What’s your mantra on tough days? It’s a quote from an Elizabeth Berg book, where a mother with MS who is raising her young daughter shares the idea that, “If you act like it is the last time you will do anything, then it will feel like the first time.” Therefore, if you think it is the last time you are going to do something, then it becomes more precious to you. Then, you put everything into it.
How do you define ability? That’s a good one. Usually, I am asked to define “disability.” Ability is doing your best and putting all your effort into something. It is demonstrating what you are capable of.
This question leads to a discussion on how she is often asked by others, “what is your disability?” People will say to her that she doesn’t look “disabled.” Some people will even ask, “What’s wrong with you?” Cortney said she replies, “Nothing. What’s wrong with you?”
What’s your sports story? I come from a swimming family. My grandfather is one of the founders of the Swimming Hall of Fame and the Ocean City Beach Patrol. He was a big influence in my career because he was a tremendous advocate for disabled swimming. When I was born with cerebral palsy, he told my parents just to get me in the water and that I would be fine. He was right.
My father and older sister also swam. I wanted to do anything my older sister did because she was so cool. When I was younger, I would swim, and swim, and swim. I was so bad at it. I was always the worst swimmer in the pool. When I swam all the other swimmers would be done with the event, wrapped in their towels at the side of the pool and eating nachos, while I kept swimming until I finished. You know, I was the swimmer that everyone does the pity clap for at the end of an event. When I swam, I even scared the lifeguards. They were watching and thinking, “Is this kid going to make it?” But, I loved it and I still do. I love swimming. When I am in the water, it is the one time I am not in pain. With my disability, I am in pain almost all the time. It feels good to be in the water. I feel free. It is such a blessing. I’m lucky I was born into a swimming family.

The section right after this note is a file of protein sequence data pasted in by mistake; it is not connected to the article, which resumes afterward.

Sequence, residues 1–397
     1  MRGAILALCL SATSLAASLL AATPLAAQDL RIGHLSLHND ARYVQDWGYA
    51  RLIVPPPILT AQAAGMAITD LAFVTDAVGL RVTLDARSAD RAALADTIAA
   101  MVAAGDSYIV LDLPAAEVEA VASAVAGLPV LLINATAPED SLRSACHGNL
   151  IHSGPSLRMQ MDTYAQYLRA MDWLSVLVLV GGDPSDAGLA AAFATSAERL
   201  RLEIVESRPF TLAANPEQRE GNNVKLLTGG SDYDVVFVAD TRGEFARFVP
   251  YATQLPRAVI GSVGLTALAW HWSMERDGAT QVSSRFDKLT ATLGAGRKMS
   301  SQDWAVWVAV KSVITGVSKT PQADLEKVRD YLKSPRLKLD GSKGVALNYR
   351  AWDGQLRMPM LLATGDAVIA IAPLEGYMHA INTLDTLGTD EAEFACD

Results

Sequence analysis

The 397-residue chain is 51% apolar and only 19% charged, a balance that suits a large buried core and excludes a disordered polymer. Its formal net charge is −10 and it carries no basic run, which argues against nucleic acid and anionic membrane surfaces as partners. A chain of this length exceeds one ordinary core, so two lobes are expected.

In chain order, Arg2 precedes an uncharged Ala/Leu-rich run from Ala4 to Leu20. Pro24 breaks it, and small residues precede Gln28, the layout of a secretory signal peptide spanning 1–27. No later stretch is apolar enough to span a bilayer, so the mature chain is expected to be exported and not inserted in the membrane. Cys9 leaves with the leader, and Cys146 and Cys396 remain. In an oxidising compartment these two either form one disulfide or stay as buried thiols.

However, I was going to quit swimming when I was 13. At that point, I had only swam in able-bodied meets. But then, I went to my first swim meet for physically challenged swimmers. I won everything. Afterwards, I was invited to join the US team and go to the World Games. It changed my life. Until that point, I didn’t know about the Paralympics. It wasn’t on television, and it wasn’t well publicized in the US. Fortunately, it will be in Rio 2016. We really need to raise awareness around the Paralympics and shift the stigma around disabled people.
Recently, I was in Panera bread and this older man asked me why I limp. I told him I was disabled and had cerebral palsy. He responded that I was too pretty to be disabled. This demonstrates how people don’t think you can be attractive and disabled. Another challenge some of my teammates and I face is that people think we are cognitively disabled because we are physically disabled. Also, they don’t see us as athletes. We need to change their perceptions. The most beautiful people I know are disabled.
(Cortney and I then discuss how we will work together to change these perceptions. She will teach and I will write lots of books. She thinks we should start a library. I agree.)
What advice do you have for other athletes? Stay positive and keep it fun. There is no point in doing it if you are not having fun. I couldn’t imagine getting up at 4:30 every day and doing what I do if I didn’t love it. Do what you love and give it 100 percent. Then, you will be successful.
Who would you like to thank? I have a million people to thank. There are so many good people in my life. I have my family: my mom, my dad, my sister, my grandpa, my cousins, my aunts, my uncles…I have a huge family. I also want to thank my teammates and coach. They create the best training environment right now. There are so many more people. I think I have too many really amazing people in my life.
(Personally, I think all of amazing people in her life are a direct reflection of Cortney and her super powers. On a final note, Cortney has invited me to visit her in her future class to read my books aloud and to co-teach. I look forward to learning from her in the classroom. )
To hear more from Cortney Jordan, you can view the following interviews:
You can also follow her as she trains for Rio 2016 on Twitter @CortneyJordan24.